|Richard Stewart Addinsell|
Richard Stewart Addinsell (13 January 1904 – 14 November 1977) was a British composer, best known for film music, primarily his Warsaw Concerto, composed for the 1941 film Dangerous Moonlight (also known under the later title Suicide Squadron).
Richard Addinsell was born at 31 Woburn Square, London, to William Arthur Addinsell, a chartered accountant, and his wife, Annie Beatrice Richards.
The younger of two brothers, Addinsell was taught at home under the watchful eye of his adoring mother.
In 1922, he went up to Hertford College, Oxford to study Law, but left after just 18 months having found that he was more interested in music.
He enrolled at the Royal College of Music in the autumn of 1925, but lasted only two terms before leaving, again without obtaining any formal qualification.
By this time Addinsell was already collaborating with Noel Gay, among others, in an André Charlot Revue.
More work for Charlot in 1927 was followed in 1928 by a collaboration with Clemence Dane on Adam’s Opera at The Old Vic.
Then in 1929 he completed his informal education by touring Europe to visit major theatrical and musical centres such as Berlin and Vienna.
In 1932, with Clemence Dane, he wrote the incidental music for the Broadway adaptation of Alice in Wonderland by Eva Le Gallienne, starring Josephine Hutchinson (produced 1933).
In 1947 it was revived, starring Bambi Linn.
Addinsell was known for his Christmas parties and was part of a social circle that included many British show business and royal celebrities of the 1930s and ’40s.
He collaborated from 1942 with Joyce Grenfell for her West End revues (including Tuppence Coloured and Penny Plain) and her one-woman shows.
The Warsaw Concerto was written for the 1941 film Dangerous Moonlight, and continues to be a popular concert and recording piece.
The film-makers wanted something in the style of Sergei Rachmaninoff, but were unable to persuade Rachmaninoff himself to write a piece.
Roy Douglas orchestrated the concerto.
It has been recorded over one hundred times and has sold in excess of three million copies.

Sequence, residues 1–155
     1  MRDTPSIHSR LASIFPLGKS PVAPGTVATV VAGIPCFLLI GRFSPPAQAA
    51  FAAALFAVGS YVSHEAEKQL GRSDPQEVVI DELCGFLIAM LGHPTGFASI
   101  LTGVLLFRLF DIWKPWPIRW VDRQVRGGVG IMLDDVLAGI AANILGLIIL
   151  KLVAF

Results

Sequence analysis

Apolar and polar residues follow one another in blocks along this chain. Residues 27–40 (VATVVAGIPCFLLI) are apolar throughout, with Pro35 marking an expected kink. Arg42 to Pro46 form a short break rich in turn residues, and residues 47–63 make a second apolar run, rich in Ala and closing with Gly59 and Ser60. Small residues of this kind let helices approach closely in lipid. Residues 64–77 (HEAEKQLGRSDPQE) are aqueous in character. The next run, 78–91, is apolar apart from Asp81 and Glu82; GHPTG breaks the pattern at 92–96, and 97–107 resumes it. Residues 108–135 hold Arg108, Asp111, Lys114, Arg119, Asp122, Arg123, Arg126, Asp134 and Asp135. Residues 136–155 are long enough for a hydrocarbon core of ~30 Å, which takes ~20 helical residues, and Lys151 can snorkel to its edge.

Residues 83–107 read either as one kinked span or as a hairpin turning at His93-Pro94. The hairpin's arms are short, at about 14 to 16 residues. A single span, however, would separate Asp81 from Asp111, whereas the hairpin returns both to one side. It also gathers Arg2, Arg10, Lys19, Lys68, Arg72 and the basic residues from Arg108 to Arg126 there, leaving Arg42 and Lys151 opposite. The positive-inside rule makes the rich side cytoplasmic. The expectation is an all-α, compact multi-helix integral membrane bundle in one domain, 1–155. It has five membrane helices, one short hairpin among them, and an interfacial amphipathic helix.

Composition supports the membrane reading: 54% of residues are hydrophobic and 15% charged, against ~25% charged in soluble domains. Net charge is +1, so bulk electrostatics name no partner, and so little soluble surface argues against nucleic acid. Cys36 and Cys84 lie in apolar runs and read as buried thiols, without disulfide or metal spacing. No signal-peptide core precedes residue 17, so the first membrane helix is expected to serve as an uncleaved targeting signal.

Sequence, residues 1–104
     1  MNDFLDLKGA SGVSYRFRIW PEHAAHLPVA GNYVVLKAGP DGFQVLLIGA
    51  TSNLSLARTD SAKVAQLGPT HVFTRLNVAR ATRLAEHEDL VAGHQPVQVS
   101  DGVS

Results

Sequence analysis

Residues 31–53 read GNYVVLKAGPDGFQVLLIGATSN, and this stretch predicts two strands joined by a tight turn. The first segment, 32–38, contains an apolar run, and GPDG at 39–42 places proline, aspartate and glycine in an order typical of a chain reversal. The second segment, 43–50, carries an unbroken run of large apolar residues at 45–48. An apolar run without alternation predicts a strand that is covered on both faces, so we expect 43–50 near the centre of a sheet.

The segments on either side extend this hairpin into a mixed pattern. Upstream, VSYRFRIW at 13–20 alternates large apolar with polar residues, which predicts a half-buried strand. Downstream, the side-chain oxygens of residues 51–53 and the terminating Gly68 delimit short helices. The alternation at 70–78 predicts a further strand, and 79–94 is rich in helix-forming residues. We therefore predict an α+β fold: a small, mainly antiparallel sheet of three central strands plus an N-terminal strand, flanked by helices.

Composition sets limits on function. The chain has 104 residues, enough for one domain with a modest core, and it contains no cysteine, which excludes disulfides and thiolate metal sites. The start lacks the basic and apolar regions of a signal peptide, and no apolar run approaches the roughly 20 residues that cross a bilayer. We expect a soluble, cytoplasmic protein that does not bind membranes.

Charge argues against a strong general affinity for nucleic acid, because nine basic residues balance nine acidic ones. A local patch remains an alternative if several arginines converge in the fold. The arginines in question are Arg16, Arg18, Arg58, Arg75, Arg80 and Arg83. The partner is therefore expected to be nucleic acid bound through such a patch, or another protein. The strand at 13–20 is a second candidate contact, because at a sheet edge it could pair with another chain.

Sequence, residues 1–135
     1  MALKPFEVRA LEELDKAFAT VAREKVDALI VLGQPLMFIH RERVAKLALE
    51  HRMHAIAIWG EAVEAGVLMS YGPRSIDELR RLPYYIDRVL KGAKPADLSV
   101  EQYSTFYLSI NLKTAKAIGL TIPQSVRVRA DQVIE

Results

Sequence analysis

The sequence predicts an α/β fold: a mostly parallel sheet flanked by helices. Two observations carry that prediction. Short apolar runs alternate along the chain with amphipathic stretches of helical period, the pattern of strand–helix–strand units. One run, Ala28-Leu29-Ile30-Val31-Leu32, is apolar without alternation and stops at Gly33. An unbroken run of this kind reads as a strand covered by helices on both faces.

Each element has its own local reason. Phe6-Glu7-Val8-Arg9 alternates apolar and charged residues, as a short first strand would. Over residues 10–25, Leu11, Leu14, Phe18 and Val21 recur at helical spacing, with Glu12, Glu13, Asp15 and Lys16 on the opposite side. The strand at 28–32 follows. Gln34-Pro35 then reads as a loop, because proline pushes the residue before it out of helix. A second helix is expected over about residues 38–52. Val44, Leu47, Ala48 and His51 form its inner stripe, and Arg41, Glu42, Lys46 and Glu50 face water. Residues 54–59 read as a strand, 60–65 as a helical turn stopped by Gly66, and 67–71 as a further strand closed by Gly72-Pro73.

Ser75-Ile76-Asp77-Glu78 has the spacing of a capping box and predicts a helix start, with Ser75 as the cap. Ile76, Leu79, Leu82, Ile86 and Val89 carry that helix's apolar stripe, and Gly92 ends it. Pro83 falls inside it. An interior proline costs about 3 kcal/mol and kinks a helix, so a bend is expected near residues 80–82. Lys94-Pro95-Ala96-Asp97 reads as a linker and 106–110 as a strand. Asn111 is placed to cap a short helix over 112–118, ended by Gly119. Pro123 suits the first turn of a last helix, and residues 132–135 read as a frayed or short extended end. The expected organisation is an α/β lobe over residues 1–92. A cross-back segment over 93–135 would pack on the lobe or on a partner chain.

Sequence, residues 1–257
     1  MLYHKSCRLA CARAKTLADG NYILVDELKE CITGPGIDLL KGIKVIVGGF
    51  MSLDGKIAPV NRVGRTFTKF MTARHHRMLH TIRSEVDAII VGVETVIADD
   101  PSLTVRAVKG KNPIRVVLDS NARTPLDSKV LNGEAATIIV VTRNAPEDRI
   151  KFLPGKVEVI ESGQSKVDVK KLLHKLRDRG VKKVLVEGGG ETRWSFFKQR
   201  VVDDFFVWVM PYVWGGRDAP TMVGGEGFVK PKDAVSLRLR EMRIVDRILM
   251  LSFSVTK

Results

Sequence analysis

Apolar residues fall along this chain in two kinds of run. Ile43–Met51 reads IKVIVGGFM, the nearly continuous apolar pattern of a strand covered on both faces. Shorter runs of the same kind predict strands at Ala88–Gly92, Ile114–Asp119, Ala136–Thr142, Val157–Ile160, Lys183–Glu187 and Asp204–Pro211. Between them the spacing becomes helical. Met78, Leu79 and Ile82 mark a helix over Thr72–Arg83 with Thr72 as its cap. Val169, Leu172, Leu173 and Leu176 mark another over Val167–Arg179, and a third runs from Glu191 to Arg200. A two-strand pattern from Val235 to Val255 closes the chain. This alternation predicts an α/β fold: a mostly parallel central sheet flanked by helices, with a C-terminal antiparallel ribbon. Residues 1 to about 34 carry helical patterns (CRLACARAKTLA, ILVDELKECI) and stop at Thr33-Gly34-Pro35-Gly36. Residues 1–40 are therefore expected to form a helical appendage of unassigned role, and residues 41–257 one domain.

Addinsell also wrote the short orchestral piece Southern Rhapsody, which was played every morning at the start of TV broadcasts by the former Southern Television company in the south of England from 1958 to 1981.
Addinsell retired from public life in the 1960s, gradually becoming estranged from his close friends.
He was for many years the companion of the fashion designer Victor Stiebel, who died a year before Addinsell in 1976.
In 1999 it was revealed that the royalties for Warsaw Concerto had belonged to the parents of author Jilly Cooper, whose brother advanced the theory that Addinsell - for many years their neighbour - gave it to them as thanks for being discreet about his relationship with Stiebel.
Addinsell died at Brighton, Sussex.
His funeral took place at Golders Green Crematorium on 18 November 1977.
Addinsell’s music is in the ˝English light music˝ style.
He regularly composed at the piano, providing other creative musicians such as Roy Douglas, Leonard Isaacs or Douglas Gamley with broad indications for their full orchestrations.
As was common with film music until the 1950s, many of Addinsell’s scores were destroyed by the studios as it was assumed there would be no further interest in them.
However, recordings of his film music have been issued since his death, often reconstructed by musicologist and composer Philip Lane from the soundtracks of the films themselves and conducted by Kenneth Alwyn or Rumon Gamba.